We look at the connection between MS and Raynaud’s syndrome for Raynaud’s Awareness Month
Raynaud’s syndrome, also known as Raynaud’s disease, causes parts of the body to turn white and become very cold and numb in response to stress of cold temperature. It usually affects the fingers and toes, although it can also affect other areas.
There are two main types of Raynaud’s, primary and secondary. Primary tends to be quite mild, and doesn’t appear to occur as part of another medical condition.
Secondary Raynaud’s, also known as Raynaud’s phenomenon, occurs due to an underlying health condition. It’s less common but it can be more serious.
Multiple sclerosis (MS) is associated with secondary Raynaud’s. Medics think that MS can make blood vessels in your extremities to overreact to the cold, and you may experience Raynaud’s phenomenon.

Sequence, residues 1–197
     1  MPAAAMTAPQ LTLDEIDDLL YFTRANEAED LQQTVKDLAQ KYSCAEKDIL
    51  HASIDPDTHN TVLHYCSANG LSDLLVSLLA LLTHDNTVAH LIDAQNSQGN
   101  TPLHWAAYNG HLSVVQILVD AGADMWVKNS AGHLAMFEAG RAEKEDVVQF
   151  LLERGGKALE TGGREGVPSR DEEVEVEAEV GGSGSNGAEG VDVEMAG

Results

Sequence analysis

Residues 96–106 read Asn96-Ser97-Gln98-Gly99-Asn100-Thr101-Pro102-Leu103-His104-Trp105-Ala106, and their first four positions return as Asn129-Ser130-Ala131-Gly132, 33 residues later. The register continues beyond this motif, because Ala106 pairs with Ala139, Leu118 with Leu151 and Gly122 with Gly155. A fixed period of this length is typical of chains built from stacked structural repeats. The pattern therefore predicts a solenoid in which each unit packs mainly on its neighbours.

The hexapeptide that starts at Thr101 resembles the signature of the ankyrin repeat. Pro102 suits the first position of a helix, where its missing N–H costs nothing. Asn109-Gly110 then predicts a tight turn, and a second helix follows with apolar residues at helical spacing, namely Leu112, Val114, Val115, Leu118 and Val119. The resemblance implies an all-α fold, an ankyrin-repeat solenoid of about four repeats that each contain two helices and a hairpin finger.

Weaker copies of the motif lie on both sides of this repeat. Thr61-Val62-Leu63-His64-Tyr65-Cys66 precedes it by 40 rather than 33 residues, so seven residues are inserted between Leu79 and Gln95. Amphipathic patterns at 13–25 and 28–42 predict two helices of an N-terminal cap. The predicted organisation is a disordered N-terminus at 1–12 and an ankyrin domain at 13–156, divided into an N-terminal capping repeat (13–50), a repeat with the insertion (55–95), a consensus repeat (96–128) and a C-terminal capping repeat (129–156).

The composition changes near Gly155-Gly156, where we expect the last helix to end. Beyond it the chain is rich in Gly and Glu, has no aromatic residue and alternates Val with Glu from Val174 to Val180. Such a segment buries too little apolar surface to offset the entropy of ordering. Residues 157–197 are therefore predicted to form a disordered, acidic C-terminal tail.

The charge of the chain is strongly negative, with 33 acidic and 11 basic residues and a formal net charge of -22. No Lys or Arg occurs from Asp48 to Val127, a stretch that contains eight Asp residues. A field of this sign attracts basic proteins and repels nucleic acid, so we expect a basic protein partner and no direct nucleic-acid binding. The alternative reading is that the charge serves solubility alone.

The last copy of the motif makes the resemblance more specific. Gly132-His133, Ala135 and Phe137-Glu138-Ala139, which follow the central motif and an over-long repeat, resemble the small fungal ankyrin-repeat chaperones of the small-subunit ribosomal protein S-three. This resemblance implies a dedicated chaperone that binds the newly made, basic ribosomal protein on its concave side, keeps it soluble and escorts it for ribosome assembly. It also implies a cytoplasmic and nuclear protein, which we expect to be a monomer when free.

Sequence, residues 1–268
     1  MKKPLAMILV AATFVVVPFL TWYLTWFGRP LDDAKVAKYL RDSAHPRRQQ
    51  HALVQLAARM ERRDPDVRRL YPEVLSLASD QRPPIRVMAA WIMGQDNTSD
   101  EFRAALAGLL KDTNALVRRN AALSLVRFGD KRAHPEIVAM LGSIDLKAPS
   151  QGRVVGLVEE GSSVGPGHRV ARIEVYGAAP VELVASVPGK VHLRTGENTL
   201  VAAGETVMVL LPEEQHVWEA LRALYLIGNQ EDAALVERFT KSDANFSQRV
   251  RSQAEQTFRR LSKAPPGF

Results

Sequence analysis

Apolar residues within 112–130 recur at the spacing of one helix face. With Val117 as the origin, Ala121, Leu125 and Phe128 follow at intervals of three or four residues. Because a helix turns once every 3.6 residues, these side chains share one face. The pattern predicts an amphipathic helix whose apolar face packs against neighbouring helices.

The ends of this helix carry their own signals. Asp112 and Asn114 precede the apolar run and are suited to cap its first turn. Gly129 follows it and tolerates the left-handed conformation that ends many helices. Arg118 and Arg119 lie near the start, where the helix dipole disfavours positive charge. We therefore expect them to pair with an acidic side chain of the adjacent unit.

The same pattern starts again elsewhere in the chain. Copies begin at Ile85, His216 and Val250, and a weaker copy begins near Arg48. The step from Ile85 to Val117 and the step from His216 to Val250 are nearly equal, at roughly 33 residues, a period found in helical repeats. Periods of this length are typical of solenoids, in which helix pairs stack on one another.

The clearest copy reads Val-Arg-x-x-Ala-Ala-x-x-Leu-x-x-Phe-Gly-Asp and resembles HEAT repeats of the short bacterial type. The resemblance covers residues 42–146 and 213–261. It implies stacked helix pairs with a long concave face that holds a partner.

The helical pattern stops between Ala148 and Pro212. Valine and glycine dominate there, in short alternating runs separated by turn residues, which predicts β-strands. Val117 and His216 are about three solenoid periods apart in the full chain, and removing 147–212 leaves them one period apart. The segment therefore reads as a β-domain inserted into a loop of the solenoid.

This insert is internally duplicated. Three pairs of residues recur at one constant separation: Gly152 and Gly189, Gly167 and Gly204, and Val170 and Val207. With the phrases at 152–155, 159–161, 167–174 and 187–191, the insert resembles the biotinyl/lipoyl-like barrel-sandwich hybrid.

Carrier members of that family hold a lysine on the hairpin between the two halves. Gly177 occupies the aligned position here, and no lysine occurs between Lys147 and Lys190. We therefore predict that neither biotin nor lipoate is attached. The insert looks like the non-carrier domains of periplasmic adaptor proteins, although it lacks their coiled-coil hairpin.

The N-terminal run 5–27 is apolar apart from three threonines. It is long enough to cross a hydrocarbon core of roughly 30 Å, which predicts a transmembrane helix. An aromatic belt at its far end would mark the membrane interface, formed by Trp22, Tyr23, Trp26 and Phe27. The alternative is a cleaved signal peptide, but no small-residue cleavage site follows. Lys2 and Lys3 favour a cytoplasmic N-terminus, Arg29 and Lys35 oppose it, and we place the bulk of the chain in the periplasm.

For some people, emotional stress rather than the cold can trigger an attack.
How to treat Raynaud’s
Dress to keep the cold out. Wrap up really well before you go outside, and make sure your hands and feet are well insulated before you step out to prevent the cold air from reaching them.
Prepare your car before you set off on a drive by running the heater for a few minutes to warm up the air.
Hot food and drinks will keep you insulated from the inside.
For some people, taking food from the freezer or fridge can trigger an attack. Keep gloves nearby to use for this.
Keep your extremities warm at night by wearing socks and mittens in bed when it’s cold.
Exercising regularly is important to keep a healthy circulation.